[Statistics & Probability Seminar]
The block maxima method in extremum estimation
Over the last decade there has been an astonishing growth in the statistical techniques to analyse extreme values. As typified by the classical maximum likelihood (ML) inference on block maxima, the Generalised Extreme Value distribution is the appropriate probabilistic instrument when fitting a sample of maxima. The recent maximum Lq-likelihood method has a notable advantage to the usual ML estimation: with small up to moderate sample sizes, a proper choice for the distortion parameter q > 0 can deploy the variance in mitigating the mean squared error, thus eroding the role of bias. In this framework, an alternative class of parametric estimators stems from the maximum product of spacings (MSP) method through its obvious extension to the MSPq class. In this talk, we will assess the current state of development and usage of these two classes of estimators and outline a semi-parametric approach to both methods by assuming that the distortion parameter q = q_m depends on the size of blocks m rather than the sample size n. We will proceed via simulation, addressing how the choice of q crosses over to the estimation of high quantiles, including the finite upper endpoint. The simulation study will be partially mirrored in the practical application to the annual maxima of Lowestoft sea levels.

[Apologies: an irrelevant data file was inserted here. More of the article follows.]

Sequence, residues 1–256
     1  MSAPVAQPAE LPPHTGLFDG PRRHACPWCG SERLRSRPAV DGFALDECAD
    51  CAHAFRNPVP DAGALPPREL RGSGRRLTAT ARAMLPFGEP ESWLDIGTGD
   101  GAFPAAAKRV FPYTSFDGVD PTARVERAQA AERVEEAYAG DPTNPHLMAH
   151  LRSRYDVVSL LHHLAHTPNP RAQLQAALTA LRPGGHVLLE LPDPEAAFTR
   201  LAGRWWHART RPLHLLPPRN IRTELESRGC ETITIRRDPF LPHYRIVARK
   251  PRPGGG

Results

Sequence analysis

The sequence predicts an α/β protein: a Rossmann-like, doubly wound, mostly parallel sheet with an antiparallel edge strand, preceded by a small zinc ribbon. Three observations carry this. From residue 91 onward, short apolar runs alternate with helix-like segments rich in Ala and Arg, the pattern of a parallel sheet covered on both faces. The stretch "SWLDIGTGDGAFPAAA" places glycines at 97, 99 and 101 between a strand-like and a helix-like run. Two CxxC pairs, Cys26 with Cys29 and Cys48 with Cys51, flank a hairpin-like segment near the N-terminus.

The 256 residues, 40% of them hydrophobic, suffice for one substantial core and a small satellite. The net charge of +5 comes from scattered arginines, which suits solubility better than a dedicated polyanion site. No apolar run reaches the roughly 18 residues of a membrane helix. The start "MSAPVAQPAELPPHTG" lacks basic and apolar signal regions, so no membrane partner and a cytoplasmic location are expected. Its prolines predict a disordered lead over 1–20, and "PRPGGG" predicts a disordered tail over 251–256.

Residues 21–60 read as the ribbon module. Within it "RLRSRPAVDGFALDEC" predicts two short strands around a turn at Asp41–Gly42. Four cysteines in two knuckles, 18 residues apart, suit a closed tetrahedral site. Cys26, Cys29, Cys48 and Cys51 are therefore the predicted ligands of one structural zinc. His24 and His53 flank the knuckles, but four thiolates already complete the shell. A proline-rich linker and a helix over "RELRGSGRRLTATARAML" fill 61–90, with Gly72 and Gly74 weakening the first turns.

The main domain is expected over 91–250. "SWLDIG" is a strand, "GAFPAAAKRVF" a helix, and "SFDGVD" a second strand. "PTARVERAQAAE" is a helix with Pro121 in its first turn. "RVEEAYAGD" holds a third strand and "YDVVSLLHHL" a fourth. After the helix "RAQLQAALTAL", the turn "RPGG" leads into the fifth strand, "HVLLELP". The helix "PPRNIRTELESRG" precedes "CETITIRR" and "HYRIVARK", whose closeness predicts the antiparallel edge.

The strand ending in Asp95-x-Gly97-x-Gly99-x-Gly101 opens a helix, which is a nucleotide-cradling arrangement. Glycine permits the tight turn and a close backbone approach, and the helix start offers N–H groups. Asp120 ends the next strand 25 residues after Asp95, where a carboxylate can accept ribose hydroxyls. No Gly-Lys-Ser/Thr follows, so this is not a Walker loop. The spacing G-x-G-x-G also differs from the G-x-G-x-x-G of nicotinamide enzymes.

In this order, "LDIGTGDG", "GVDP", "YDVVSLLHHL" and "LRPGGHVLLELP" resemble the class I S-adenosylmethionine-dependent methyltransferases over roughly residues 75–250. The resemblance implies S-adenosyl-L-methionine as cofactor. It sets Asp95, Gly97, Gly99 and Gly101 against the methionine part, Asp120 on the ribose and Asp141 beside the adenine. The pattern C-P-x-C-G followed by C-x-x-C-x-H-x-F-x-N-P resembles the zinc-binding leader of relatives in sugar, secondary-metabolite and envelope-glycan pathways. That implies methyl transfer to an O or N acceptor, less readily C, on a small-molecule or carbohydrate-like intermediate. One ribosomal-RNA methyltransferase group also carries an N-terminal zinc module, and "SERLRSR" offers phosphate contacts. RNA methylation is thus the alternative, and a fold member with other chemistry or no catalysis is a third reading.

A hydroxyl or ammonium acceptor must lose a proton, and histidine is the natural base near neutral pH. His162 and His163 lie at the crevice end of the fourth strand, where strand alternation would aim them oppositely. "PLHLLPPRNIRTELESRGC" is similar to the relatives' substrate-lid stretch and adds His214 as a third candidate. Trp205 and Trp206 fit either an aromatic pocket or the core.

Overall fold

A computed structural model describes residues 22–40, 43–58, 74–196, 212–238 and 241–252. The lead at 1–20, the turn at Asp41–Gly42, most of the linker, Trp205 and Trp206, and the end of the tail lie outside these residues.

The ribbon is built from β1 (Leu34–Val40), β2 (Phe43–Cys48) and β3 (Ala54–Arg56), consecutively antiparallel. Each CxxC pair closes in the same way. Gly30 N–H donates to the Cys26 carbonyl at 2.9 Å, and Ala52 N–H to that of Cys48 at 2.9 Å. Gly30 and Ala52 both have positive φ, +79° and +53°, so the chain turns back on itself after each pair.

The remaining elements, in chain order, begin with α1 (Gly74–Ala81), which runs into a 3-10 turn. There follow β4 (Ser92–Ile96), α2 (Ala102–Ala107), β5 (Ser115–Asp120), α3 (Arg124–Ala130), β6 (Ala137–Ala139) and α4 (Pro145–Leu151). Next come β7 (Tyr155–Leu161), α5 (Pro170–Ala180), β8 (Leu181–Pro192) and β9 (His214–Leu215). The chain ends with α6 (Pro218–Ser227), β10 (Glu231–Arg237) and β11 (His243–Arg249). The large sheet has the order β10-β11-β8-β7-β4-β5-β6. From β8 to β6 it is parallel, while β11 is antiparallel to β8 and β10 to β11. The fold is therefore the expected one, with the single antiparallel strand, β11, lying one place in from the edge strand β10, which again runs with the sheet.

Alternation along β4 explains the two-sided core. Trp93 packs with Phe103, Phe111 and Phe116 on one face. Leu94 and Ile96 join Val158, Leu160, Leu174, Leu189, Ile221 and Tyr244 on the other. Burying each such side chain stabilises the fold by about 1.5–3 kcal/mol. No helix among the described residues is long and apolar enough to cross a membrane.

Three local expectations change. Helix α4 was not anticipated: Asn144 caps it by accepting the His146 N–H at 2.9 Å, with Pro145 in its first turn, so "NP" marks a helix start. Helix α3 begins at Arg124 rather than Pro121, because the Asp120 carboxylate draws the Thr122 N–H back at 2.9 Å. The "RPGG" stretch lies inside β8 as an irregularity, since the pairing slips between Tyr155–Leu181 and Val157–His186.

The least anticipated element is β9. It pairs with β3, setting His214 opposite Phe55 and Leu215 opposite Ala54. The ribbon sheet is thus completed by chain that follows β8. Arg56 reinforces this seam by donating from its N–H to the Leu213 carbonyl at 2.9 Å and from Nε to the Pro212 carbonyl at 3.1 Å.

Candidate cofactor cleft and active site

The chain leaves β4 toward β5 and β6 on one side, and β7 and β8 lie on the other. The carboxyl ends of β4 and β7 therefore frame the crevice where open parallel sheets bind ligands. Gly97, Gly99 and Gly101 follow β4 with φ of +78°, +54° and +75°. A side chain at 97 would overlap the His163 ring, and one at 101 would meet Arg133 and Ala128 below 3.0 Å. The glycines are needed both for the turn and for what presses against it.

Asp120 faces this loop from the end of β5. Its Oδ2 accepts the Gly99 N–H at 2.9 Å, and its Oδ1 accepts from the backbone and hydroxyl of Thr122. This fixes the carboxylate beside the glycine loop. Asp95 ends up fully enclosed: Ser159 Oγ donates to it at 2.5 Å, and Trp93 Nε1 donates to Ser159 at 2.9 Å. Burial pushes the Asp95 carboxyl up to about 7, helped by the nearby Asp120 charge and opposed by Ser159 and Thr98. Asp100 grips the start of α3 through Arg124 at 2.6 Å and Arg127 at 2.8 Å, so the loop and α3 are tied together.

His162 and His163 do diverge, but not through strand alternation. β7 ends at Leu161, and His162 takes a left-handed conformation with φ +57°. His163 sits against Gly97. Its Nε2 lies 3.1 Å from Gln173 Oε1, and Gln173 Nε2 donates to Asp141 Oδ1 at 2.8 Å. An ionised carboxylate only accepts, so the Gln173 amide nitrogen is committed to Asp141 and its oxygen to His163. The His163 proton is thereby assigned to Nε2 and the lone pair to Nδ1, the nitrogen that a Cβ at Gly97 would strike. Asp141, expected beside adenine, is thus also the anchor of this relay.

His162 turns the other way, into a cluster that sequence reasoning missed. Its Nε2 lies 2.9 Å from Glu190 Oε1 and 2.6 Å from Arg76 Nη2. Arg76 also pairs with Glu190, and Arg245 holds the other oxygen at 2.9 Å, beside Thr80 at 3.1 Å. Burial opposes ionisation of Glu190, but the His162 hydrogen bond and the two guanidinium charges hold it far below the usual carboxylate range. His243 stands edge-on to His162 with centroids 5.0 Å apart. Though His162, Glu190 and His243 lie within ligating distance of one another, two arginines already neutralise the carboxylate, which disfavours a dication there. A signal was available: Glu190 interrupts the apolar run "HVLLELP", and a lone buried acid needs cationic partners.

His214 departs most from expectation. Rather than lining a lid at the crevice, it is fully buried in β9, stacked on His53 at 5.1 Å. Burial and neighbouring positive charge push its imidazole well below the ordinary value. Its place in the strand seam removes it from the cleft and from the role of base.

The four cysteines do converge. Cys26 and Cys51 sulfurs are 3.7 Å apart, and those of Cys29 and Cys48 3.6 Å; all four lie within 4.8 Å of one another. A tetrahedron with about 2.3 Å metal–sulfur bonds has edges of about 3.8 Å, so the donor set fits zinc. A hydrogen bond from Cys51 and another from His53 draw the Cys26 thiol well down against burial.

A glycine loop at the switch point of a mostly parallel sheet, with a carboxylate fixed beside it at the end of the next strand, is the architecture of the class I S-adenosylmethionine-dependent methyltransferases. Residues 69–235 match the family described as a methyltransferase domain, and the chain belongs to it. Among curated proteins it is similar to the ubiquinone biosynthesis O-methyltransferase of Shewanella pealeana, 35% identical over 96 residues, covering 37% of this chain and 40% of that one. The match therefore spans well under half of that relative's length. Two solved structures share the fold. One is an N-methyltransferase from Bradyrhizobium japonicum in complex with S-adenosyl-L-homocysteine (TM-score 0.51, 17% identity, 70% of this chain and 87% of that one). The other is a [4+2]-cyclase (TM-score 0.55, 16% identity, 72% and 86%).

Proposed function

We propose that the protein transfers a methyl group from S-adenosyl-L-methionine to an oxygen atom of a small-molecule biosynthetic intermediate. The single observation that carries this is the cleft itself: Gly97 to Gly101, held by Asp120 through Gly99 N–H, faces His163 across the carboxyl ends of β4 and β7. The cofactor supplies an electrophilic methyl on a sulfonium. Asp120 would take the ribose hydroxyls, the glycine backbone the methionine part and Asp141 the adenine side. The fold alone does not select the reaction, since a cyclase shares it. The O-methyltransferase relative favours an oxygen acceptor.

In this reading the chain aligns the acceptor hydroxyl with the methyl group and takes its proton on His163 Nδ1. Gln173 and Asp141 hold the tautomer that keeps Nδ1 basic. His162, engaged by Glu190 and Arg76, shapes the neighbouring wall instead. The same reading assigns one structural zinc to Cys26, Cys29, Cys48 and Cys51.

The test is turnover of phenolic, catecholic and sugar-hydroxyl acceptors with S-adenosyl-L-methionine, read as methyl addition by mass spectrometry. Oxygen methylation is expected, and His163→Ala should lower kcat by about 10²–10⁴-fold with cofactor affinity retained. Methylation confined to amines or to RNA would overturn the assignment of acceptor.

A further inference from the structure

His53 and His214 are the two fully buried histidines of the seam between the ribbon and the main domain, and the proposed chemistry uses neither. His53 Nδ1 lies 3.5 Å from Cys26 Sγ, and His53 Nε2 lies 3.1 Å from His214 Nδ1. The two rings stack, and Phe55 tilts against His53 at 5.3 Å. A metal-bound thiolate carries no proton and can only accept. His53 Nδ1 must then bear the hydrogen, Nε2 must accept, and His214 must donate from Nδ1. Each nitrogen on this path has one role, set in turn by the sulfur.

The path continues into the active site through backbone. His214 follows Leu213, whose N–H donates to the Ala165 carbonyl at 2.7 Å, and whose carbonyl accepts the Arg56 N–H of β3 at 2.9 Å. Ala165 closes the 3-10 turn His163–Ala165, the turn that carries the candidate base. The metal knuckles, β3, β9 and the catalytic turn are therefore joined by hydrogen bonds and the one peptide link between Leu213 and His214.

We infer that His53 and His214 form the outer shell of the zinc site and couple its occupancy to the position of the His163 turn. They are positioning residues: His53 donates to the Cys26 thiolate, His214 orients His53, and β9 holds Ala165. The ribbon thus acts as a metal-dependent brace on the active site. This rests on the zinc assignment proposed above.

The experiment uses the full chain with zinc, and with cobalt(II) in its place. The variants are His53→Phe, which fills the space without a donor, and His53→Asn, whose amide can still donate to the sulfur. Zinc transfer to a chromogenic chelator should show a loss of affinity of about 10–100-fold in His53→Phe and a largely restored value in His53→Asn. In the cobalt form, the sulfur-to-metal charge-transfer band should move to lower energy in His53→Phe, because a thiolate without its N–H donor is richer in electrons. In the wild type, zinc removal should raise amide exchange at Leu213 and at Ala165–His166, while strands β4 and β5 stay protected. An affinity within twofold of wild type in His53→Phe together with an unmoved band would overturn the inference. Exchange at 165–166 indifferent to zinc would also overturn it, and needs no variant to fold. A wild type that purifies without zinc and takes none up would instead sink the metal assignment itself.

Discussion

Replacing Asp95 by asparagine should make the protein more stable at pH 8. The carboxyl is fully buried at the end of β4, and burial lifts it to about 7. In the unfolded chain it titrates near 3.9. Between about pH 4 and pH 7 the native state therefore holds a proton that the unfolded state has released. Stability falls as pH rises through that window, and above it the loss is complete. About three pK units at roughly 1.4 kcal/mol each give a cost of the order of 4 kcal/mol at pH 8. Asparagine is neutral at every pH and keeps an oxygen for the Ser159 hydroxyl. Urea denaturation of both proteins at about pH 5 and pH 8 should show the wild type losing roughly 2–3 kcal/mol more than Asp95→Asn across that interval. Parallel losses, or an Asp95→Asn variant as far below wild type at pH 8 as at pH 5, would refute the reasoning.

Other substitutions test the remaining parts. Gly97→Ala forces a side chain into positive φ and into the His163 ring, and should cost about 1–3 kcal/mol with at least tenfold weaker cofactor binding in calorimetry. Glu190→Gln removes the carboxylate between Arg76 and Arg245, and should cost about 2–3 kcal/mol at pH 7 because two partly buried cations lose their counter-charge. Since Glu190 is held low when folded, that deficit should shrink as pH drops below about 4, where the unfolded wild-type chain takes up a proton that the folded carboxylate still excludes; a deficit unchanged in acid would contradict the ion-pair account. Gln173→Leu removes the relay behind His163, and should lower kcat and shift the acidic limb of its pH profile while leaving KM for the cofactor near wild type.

This is joint work with Christopher Jeffree, University of Reading.
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